Still a gripping tale and well worth the time spent reading.

    0 of 0 people found this review helpful
  • Deliverance

    • UNABRIDGED (7 hrs and 35 mins)
    • By James Dickey
    • Narrated By Will Patton
    • Whispersync for Voice-ready
    Overall
    (1319)
    Performance
    (1167)
    Story
    (1168)

    The setting is the Georgia wilderness, where the state's most remote white-water river awaits. In the thundering froth of that river, in its echoing stone canyons, four men on a canoe trip discover a freedom and exhilaration beyond compare. And then, in a moment of horror, the adventure turns into a struggle for survival as one man becomes a human hunter who is offered his own harrowing deliverance.

    Katherine says: "excruciatingly vivid, marvelously written and read"
    "Amazing Book, Superb Narration"
    Overall
    Performance
    Story

    James Dickey was a poet with an astonishing ability to blend the terrifying with the beautiful. This story is a perfect example of his skills. Will Patton's narration was spot on (as always.) A perfect blend of fine story-telling and skillful narration.

    3 of 3 people found this review helpful
  • Creole Belle: A Dave Robicheaux Novel, Book 19

    • UNABRIDGED (18 hrs and 11 mins)
    • By James Lee Burke
    • Narrated By Will Patton
    • Whispersync for Voice-ready
    Overall
    (1577)
    Performance
    (1361)
    Story
    (1325)

    Creole Belle begins where the last book in the Dave Robicheaux series, The Glass Rainbow, ended. Dave is in a recovery unit in New Orleans, where a Creole girl named Tee Jolie Melton visits him and leaves him an iPod with the country blues song “Creole Belle” on it. Then she disappears. Dave becomes obsessed with the song and the memory of Tee Jolie and goes in search of her sister, who later turns up inside a block of ice floating in the Gulf.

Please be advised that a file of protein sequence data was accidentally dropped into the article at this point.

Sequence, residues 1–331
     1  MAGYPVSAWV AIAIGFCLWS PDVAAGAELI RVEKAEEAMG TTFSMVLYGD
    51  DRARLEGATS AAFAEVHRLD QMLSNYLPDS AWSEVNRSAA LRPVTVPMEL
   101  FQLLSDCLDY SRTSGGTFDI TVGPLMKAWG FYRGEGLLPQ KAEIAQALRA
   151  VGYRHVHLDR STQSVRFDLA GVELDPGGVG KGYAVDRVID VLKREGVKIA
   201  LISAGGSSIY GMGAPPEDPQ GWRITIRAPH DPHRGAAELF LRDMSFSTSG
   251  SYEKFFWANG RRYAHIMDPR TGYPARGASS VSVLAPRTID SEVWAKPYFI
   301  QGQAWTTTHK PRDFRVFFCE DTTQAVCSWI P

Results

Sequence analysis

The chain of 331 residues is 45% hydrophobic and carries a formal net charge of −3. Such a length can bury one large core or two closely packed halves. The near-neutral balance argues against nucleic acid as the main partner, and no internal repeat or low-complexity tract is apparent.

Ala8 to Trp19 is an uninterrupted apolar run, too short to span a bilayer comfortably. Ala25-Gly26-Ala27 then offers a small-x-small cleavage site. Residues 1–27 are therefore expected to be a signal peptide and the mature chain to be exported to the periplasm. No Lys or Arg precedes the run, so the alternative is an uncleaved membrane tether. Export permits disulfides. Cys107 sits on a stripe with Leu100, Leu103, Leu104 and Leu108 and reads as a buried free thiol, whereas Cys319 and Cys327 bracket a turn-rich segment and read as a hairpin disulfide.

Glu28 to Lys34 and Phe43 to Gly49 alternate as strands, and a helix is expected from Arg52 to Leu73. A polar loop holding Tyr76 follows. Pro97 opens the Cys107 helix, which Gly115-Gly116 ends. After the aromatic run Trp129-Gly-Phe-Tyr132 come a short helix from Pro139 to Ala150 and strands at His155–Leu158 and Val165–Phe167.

Melinda says: "Burke & Patton -- Synergistic Phenomenon"
    "Perfect combination of writing and narration"
    Overall
    Performance
    Story

    James Lee Burke is one of the finest writers in America today. His ability to capture the nuances of place, culture, and character is unrivaled and he is never better than in his Dave Robicheax novels. Robicheaux is both deeply spiritual and deeply flawed. As he continues his on-going fight against some of the most diabolical and perverse segments of society his fight with his own failings is always at the core of the story. In this multi-layered story as he attempts to find a missing singer whose sister has been pulled out of the bayou frozen in a block of ice, he encounters another purely evil character, Alexis Dupree, and his equally depraved son/grandson, Pierre. This time the stakes are higher because Dave's daughter Alafair is involved, his longtime friend and partner Clete Purcell seems to be sinking further and further into his addictions and wild behavior, and Clete's long-lost daughter Gretchen has joined them.

    This is a great, tense, incredibly dark story -- bayou noir -- filled with outstanding characters and Will Patton does a superb job of capturing the personality of each one. This is a perfect combination of outstanding writing and outstanding narration.

    1 of 1 people found this review helpful
  • Doc: A Novel

    • UNABRIDGED (16 hrs and 38 mins)
    • By Mary Doria Russell
    • Narrated By Mark Bramhall
    • Whispersync for Voice-ready
    Overall
    (481)
    Performance
    (351)
    Story
    (347)